Art works by Lucia Pec

Now let’s shift from the whole landscape to a single snowflake. It is a so fascinating mistery, a world within a world. Each one is unique, there are not two identical snowflakes in the world. How is it possible and how does a snowflake form?


Macrophotos by Alexey Kljatov

As Ian Stewart explains in his beautiful book “What Shape is a Snowflake?”, it is a tiny ice crystal that develops its first nucleus according to its molecular, inner rules. But then, while it is travelling from up to earth, through the atmosphere, it encounters specific conditions (of pressure, umidity, temperature, wind) so that every journey will be a little different and will provoke a different final shape.


Macrophotos by Alexey Kljatov

What interesting questions, wondering and learnings within these micro-universes… how preserving this wonder in a educational context? How can we support children to develop their own investigation, without giving ready answers?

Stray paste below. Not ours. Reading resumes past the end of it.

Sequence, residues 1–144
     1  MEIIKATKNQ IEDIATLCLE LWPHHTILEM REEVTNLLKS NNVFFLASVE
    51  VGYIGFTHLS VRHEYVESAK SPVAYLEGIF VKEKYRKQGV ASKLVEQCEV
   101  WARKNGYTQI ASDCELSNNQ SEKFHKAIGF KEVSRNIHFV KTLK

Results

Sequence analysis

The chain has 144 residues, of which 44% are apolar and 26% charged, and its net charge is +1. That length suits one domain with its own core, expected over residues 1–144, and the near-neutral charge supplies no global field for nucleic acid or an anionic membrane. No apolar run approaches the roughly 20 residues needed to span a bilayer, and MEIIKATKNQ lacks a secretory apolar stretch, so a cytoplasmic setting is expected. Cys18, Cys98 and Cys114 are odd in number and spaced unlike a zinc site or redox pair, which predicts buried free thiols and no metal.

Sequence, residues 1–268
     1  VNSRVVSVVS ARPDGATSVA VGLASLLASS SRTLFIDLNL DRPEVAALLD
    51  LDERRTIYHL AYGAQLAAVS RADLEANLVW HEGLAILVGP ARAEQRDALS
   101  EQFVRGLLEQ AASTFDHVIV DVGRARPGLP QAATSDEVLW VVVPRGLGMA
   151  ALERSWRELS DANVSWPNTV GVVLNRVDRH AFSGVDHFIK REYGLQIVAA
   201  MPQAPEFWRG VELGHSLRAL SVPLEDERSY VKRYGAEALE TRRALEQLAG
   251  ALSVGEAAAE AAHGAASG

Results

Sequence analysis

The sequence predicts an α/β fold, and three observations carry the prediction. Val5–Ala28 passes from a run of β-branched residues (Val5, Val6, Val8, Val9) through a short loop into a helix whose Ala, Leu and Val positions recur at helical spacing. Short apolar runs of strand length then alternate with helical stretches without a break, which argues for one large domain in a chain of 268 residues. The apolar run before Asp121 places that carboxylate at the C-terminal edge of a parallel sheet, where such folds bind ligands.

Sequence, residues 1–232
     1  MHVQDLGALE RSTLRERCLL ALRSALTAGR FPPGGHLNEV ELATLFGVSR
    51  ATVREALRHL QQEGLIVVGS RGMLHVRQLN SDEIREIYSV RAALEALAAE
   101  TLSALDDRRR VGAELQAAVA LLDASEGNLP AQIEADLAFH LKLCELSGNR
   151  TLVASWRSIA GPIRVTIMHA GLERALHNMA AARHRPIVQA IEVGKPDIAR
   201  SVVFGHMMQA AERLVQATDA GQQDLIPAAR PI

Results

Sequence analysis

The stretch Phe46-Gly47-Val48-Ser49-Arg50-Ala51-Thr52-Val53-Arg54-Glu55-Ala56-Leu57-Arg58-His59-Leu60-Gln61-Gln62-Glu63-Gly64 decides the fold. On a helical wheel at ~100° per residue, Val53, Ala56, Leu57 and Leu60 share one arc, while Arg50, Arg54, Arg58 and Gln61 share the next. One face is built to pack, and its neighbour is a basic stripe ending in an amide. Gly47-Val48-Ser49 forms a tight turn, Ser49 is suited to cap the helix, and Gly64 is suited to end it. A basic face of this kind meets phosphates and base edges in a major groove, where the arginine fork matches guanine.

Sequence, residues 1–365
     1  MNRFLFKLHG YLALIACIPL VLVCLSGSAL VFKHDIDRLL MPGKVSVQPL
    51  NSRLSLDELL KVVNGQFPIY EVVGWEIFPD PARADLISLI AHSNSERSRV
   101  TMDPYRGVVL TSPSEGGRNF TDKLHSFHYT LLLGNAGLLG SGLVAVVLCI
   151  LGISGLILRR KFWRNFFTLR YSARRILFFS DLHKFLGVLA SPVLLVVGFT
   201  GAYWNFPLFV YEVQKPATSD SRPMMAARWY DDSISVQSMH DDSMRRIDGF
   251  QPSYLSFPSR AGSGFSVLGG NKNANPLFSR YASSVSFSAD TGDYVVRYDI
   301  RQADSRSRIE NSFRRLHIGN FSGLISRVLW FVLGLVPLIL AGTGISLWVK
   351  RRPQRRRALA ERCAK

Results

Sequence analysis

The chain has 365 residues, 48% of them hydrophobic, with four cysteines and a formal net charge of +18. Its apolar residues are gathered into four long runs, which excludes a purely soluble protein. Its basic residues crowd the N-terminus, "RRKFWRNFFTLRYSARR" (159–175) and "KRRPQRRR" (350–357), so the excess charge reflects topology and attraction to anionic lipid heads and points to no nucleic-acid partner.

As educators and parents, these are important questions to keep in mind.

If you are interested to continue the exploration of the grammar of snow, I invite you to visit the amazing work of the land artists Ceca Georgieva and Lucia Pec, of the educator, teacher trainer and author Suzanne Axelsson and the photographer Alexey Kljatov – that I deeply thank for letting me share their inspiring works.

But above all, if you are lucky enough to live in a snowy place, I suggest you to just welcome the snow as a friendly guest and to enjoy your encounter, without knowing where it will take you.


Art works by Lucia Pec